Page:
• 89. 89
  • 90. Accenture Women’s Forum Sponsor 90 Dr Roze Phillips Managing Director Accenture SA Dr Roze Phillips is the Human Capital lead for Accenture in Africa and serves on the Accenture Global Diversity Task Force. She is the Accenture Products Industry Managing Director for Sub- Saharan Africa, a member of the Accenture South Africa Board and Trustee of the AKHA Trust, which represents the 30% Black employee shareholding of Accenture South Africa. Dr Phillips serves on the board of Enablis East Africa which fosters entrepreneurship in that region. She holds both MBChB and MBA degrees from the University of Cape Town and prior to joining Accenture, was a specialist scientist at the SA Medical Research Council.
  • 91. Born to Succeed Women’s Conference 2013 91 In Partnership with Accenture Mentorship Programme- Dr Roze Phillips
  • 92. Background on Accenture South Africa Pty (Ltd) Accenture Women’s Forum Mentorship Programme Contents About the Accenture Women’s Forum 92 About the Mentorship Program Activation plans for the next twelve months
  • 93. 93 Background on Accenture South Africa Accenture is a global management consulting, technology services and outsourcing company, with approximately 266,000 people serving clients in more than 120 countries. It collaborates with clients to help them become high-performance businesses and governments.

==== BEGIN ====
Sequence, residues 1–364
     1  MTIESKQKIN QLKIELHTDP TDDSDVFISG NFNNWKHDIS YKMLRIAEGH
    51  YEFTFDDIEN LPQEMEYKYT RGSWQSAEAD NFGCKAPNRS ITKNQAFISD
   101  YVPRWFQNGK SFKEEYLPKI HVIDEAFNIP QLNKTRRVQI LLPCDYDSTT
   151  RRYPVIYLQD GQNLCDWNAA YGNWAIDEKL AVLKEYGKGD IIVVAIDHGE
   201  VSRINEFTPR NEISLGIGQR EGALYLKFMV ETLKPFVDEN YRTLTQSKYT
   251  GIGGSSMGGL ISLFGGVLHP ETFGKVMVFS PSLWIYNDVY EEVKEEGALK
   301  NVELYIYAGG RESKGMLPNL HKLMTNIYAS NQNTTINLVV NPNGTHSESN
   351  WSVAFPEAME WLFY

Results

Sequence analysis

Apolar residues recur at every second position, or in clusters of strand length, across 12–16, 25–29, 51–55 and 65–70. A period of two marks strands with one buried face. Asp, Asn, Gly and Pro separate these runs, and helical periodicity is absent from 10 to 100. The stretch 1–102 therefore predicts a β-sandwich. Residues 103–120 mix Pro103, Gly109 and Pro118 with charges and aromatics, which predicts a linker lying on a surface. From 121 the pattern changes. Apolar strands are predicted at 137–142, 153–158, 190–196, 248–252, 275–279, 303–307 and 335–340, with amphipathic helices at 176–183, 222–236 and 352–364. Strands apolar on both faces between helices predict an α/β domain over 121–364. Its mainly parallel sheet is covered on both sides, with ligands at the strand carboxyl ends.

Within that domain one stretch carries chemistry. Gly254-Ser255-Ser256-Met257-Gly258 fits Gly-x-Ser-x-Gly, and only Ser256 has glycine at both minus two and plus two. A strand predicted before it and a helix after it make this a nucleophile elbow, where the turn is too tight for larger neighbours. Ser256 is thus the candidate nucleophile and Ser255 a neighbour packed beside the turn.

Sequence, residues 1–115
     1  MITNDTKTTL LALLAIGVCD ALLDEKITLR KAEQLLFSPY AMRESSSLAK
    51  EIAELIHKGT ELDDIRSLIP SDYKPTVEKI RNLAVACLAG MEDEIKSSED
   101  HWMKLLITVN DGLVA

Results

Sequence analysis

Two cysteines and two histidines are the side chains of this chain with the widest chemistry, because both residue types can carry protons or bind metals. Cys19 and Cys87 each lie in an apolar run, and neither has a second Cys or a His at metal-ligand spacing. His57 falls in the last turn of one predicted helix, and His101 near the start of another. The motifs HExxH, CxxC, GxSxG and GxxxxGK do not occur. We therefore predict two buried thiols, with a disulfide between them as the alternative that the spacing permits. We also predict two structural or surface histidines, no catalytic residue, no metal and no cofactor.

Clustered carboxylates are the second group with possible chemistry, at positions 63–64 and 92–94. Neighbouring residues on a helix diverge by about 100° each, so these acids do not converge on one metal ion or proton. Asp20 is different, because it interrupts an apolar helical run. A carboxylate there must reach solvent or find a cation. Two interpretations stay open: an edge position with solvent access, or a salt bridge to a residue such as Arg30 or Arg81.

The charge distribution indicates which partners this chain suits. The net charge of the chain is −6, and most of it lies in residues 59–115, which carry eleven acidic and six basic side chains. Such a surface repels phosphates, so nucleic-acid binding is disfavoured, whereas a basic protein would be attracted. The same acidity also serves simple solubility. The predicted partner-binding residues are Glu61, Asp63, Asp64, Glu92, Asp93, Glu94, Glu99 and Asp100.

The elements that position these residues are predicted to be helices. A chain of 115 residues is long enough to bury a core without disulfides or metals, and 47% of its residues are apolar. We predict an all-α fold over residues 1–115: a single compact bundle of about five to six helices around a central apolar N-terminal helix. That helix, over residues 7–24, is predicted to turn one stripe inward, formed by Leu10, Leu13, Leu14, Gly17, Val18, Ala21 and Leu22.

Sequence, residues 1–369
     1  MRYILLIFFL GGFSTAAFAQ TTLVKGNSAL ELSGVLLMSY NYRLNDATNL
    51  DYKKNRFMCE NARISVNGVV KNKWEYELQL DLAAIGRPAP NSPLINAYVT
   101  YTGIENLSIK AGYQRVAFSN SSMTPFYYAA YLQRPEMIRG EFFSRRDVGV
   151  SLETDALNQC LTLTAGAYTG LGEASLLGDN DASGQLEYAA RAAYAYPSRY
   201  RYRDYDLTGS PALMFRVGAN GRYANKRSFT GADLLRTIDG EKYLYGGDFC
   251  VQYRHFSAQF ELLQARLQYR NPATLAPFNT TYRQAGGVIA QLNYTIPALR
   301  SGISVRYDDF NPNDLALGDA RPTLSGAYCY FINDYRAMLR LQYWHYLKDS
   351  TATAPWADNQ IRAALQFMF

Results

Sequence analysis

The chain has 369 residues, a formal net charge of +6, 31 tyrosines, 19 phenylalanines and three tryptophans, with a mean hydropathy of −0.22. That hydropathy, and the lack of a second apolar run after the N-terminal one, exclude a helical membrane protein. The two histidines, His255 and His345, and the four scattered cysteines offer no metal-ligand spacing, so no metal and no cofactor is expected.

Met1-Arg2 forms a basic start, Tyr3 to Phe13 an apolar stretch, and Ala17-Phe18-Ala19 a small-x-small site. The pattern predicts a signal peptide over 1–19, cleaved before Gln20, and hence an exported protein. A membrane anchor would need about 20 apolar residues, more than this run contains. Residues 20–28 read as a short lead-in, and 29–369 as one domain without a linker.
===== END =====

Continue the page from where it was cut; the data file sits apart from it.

• 94. 94 Diversity at Accenture • B-BBEE • LGBT • Women • People with Disability (PwD) • Ethnic Minorities • Flexibility
  • 95. 95 About the Accenture Women’s Forum The Women’s Network Forum is a global internal website that connects women across the company and provides resources that can help them define their vision of success through education, tools and multimedia. Through the mentorship program in conjunction with the Born to Succeed Conference, the Women’s Network hopes to: • equip young women with the skills necessary to succeed in the world of work, and • take action against South Africa’s high levels of unemployment among women
  • 96. 96 The Mentorship Program Vision To be an established mentoring program that will give hope to despondent unemployed young women. Affording participants the opportunity to acquire the professional skills/attitudes necessary for personal success. Mission The Women’s Network hopes to expand upon the work covered during the Born to Succeed Conference and achieve the following objectives; • For mentors to share knowledge with mentees that would empower them to seek out opportunities and succeed in the workplace • For mentors to give mentees the encouragement needed to push them to the next level and realize their potential • And lastly, to provide a platform for mentees to network and establish friendships with like-minded women
  • 97. 97 Activation plans for the next twelve months Opening Ceremony/ Workshop Closing Ceremony/ WorkshopWorkshop Workshop 09/2013 12/2013 03/2014 06/2014 * Topics for each workshop to be confirmed
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  • 99. 99 Goody Bags and Prizes Sponsors